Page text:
VPN stands for Virtual Private Network, and it is a conglomerate of technologies and protocols that help you encrypt the content you generate online to avoid prying eyes, hackers, and cybercriminals from having access to it. It takes your IP address and masks it, giving you a new, temporary one to connect to any country you select.
Since anyone would be able to see what you are doing online, international spammers, advertisers or hackers will not be able to see your real IP address, and their actions against you will be significantly diminished.
Savvy tourists acquire VPN services every time, as they provide a sense of anonymity and security that becomes necessary when someone is on a trip. Remember, you don’t know much about the nation you are visiting, and you are not familiarized with the crimes and shady acts performed there.
2. Leave your data at home
If you can protect your data wherever you go – whether it is with a VPN, a proxy, a Smart DNS or any other similar service – then you probably will be ok. But another method that can work is not getting hackers or spies anything to work.
You should leave your data at home in any case you can. Thankfully, technology is well-suited to help travelers achieve a better sense of online security; because, for example, it allows people to store all sorts of things in the cloud.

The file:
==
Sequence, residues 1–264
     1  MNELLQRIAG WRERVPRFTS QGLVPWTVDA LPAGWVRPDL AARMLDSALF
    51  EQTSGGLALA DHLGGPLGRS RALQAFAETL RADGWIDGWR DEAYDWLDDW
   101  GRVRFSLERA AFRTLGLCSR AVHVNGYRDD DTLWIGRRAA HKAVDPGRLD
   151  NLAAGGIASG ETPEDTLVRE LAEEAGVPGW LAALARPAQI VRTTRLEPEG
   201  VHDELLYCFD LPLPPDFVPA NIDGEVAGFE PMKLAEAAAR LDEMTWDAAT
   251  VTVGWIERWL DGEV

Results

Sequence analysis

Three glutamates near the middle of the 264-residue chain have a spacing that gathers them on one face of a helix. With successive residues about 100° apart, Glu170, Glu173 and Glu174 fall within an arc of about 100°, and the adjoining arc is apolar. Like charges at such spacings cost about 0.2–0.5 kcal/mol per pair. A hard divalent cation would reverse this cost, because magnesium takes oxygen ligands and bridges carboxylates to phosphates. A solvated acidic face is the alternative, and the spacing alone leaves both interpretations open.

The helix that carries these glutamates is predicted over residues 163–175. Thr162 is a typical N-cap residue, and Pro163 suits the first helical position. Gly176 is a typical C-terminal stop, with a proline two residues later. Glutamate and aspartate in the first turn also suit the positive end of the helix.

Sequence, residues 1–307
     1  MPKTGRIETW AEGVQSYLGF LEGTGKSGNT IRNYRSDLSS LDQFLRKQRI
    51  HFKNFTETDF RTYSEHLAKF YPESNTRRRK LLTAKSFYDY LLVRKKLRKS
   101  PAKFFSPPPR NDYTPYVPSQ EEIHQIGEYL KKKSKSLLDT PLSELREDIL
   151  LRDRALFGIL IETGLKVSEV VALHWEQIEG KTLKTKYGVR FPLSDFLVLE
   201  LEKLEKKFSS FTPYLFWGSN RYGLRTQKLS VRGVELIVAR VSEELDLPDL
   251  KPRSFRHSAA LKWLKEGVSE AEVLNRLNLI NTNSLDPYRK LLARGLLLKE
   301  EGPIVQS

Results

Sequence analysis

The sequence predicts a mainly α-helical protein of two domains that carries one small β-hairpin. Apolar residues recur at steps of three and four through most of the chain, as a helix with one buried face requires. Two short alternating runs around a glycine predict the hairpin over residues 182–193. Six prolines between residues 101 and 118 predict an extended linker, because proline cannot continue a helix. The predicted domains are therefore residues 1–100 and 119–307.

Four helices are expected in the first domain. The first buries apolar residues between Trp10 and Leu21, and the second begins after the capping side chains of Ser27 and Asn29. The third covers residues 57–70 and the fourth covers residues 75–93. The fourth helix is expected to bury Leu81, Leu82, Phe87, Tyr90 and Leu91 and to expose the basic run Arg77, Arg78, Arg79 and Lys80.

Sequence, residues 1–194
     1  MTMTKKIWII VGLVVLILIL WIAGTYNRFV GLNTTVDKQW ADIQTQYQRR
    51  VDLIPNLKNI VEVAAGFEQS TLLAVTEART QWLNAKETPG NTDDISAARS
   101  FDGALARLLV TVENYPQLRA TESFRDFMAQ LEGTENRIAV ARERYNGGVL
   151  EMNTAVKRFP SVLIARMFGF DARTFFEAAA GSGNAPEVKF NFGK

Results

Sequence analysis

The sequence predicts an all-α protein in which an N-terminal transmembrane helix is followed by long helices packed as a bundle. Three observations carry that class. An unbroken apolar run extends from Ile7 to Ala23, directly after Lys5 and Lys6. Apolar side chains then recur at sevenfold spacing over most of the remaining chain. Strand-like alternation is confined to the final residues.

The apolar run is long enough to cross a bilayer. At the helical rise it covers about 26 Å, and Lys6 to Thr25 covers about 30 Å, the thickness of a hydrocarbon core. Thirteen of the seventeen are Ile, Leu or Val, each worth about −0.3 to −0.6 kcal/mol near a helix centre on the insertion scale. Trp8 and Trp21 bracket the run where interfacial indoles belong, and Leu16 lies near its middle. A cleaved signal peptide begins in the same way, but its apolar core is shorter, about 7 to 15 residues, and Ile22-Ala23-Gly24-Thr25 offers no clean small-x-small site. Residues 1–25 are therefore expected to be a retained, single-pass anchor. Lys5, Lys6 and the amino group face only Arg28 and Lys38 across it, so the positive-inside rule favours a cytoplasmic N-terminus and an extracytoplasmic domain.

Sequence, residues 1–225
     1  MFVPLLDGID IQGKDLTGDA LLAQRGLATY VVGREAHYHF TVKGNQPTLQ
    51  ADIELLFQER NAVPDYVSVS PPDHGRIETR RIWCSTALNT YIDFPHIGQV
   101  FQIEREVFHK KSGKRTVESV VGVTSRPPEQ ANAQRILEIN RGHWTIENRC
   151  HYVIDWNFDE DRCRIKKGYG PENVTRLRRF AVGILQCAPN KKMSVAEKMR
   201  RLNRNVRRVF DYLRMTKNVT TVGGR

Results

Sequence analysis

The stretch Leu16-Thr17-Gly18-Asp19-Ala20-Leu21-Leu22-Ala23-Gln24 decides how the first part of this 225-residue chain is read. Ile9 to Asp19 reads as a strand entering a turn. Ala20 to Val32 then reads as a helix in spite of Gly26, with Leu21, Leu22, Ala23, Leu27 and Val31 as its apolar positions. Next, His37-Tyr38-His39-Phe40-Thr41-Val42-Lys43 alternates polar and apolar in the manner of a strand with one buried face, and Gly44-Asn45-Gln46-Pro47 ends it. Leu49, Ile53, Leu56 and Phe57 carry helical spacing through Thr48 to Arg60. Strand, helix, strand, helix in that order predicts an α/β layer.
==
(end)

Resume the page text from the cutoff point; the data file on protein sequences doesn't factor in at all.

If you can, leave your family photos, documents, files, and other relevant resources in a reliable cloud storage account such as Dropbox and, before you embark on your journey, erase the local copy after deactivating the sync service.
Perform all your updates and edits to the cloud-based documents and copies if you are going to be away for a significant period. After that, reactivate the local cache when you go home.
3. Avoid public Wi-Fi or choose official ones
You probably know this by now, but in case you need us to tell you, Wi-Fi is an excellent thing to have at hand, especially if you are out of the country. Suppose you have just arrived at your new destination, and you need to communicate with your family and friends to let them know you landed safely. The airport’s Wi-Fi connection would allow you to do just that.
However, you shouldn’t establish a connection with these hotspots unless you have to, because they might be infected with all kinds of malicious things to your online security. There may be viruses around the network, there can be hackers trying to intercept the signal and steal data from anyone connected, and there can even be crypto miners ready to pounce and use your device as a money-making machine without your permission.